Can Hay Fever Affect Your Mouth?

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Around 13 million Brits are affected by hay fever every year. But while the streaming eyes and sinus pain are to be expected, there are some slightly less-known symptoms of hay fever that you may be experiencing right now. Mainly – it’s what your pollen allergy may be doing to your mouth.

Why Your Mouth Hurts – Hay fever can cause a lot of issues for you, whether it’s because you can’t leave your desk without a tissue, you have a constantly scratchy throat, or you just can’t stop sneezing. But there are a few things you might be experiencing that you wouldn’t necessarily associate with hay fever. –

Tooth Pain: Sinus pain is a common symptom of your body fighting off pollen allergies. When your immune system senses pollen, the hollow spaces in your head fill up with mucus, which causes aches and pains in your face. Some of these sinuses are just above your upper jaw, so you may experience some radiating pain from your clogged sinuses.

Dry Mouth: You might also have noticed that your mouth is a little drier than usual. This can happen for two reasons. The first is that with your nose blocked up, you’re more likely to be breathing through your mouth, which dries it out. The second is that dry mouth is a common side-effect of antihistamines. Dry mouth can be uncomfortable in itself, but it can also increase your chances of developing cavities, gum disease and bad breath.

Sore Throat: Irritated and sore throats are common for hay fever sufferers, but if you don’t normally get it, then it may be as a result of a postnasal drip (when the mucus runs down the back of your throat). This type of sore throat can cause bad breath that no amount of tooth-brushing will get rid of – since it’s coming from your throat, not your mouth.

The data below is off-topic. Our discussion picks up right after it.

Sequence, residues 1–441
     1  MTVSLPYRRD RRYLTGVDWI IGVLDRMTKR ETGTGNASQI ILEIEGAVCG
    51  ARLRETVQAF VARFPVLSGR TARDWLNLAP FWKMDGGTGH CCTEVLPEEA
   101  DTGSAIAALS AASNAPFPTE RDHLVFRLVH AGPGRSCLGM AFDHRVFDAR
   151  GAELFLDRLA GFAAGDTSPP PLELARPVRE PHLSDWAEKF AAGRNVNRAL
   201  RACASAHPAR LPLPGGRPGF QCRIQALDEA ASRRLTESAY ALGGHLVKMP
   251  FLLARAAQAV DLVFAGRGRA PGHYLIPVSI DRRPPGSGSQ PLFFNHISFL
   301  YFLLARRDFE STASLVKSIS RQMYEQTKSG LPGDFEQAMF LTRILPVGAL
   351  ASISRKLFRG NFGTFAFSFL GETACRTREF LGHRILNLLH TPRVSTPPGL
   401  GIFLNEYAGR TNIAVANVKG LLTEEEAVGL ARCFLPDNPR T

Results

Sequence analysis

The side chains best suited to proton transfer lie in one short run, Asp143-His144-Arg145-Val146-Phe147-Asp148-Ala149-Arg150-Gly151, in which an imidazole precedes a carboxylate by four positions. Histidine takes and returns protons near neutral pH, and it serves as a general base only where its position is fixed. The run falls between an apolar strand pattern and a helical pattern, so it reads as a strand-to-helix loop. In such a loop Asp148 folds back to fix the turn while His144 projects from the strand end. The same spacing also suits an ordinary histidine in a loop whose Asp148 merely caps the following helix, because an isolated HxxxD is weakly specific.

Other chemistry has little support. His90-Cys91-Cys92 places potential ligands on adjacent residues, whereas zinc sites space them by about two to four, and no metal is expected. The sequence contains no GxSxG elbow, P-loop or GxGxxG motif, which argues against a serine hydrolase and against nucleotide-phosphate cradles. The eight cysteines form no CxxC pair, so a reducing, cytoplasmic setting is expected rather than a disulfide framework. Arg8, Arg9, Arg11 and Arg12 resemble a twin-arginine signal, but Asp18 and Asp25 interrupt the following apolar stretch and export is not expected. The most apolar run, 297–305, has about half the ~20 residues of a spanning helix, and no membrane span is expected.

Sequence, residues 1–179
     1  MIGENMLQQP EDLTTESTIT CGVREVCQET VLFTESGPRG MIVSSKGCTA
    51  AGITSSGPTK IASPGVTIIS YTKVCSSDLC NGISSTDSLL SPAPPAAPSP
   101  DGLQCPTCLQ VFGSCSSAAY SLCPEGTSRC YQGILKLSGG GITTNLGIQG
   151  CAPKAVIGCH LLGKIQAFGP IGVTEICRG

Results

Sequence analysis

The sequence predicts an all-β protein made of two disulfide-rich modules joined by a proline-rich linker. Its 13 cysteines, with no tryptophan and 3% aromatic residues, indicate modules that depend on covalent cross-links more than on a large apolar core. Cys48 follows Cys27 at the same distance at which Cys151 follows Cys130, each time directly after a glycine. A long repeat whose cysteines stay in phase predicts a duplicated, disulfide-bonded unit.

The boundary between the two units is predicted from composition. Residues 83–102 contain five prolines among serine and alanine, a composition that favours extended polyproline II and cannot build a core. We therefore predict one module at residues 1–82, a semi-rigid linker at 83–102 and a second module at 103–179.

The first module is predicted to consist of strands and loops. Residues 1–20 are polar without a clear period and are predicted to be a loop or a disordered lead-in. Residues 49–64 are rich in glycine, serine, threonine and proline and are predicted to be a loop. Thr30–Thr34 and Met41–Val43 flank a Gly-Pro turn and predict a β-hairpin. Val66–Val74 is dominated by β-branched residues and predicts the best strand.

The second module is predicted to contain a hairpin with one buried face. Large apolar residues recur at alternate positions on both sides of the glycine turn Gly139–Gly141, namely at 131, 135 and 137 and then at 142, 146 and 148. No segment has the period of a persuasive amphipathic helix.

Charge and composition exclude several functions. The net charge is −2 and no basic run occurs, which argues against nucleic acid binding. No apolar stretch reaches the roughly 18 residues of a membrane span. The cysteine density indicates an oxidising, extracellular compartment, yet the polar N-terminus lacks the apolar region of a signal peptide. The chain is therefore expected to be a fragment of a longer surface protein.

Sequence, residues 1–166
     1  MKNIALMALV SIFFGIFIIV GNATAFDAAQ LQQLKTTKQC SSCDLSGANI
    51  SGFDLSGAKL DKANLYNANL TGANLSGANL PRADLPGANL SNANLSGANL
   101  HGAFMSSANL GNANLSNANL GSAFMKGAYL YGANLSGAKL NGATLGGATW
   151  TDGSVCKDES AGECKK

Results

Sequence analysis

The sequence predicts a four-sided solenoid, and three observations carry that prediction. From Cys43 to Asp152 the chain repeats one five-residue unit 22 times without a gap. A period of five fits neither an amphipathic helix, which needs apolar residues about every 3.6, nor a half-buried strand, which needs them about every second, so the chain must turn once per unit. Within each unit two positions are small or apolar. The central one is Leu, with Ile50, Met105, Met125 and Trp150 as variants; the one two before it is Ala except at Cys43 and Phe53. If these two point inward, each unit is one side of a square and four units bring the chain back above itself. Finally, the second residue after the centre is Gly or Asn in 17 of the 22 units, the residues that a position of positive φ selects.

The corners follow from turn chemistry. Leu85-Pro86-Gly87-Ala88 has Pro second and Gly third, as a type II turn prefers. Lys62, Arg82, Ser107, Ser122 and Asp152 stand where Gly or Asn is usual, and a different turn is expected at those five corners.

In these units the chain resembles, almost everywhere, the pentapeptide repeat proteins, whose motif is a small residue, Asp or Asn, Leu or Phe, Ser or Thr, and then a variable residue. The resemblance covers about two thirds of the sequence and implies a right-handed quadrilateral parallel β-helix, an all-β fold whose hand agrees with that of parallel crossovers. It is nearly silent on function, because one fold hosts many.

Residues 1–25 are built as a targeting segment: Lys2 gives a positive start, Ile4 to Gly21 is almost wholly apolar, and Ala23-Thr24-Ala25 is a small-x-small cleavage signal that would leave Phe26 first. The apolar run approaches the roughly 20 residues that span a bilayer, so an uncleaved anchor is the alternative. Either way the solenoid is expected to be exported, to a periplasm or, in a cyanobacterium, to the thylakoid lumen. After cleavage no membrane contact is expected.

Fighting Back – So, how do you fight back against hay fever-related mouth problems, aside from never opening your mouth again during hay fever season? Well, there are a few things you can try:

Create Fake Saliva: Don’t worry, this isn’t as gross as it sounds. Hay fever can dry your mouth out, and this can cause a lot of problems for you beyond being uncomfortable. So while you’re not generating enough saliva, you need to create some. Drink a lot of water to keep your mouth hydrated, and chew sugarless gum to stimulate saliva production.

Gargle With Salt And Water: Dissolve a tablespoon of salt in a glass of warm water, then gargle and spit until the water is gone. The salt can help draw all of the mucus out of your sinuses and cut down on the harmful bacteria in your mouth and throat. This will stop you having bad breath and will relieve a lot of your symptoms as well.

Keep Brushing And Flossing: When we feel horrible it can be tempting to just fall straight into bed without brushing or flossing – but when it comes to hay fever that’s the worst thing you can do. Regular brushing and flossing will keep that bad breath at bay and keep your mouth healthy. Make sure you’re also washing your face regularly to get rid of any pollen that’s attached to your skin during the day.

Take Antihistamines: Controlling your allergies will go a long way to preventing your mouth from hurting during the day. Make sure you’re regularly taking your antihistamines, avoid your known triggers and if you’re really suffering, speak to your doctor about more long-term options.

See Your Dentist: If you’re experiencing tooth pain during this time of the year, it’s always worth taking a trip to see your dentist. They will be able to tell you if your pain is allergy-related, or if there are any underlying conditions that could be causing it.

At Appledore, we know just how difficult dealing with allergies can be. Many of us suffer from hay fever ourselves, and we understand the struggles that hay fever brings. That’s why we want to help you relieve your own symptoms as much as possible, and we’re always happy to give advice or information about dealing with hay fever this summer. If you would like to find out more, or book your appointment to see a dentist about your hay fever, just get in touch with the team today.

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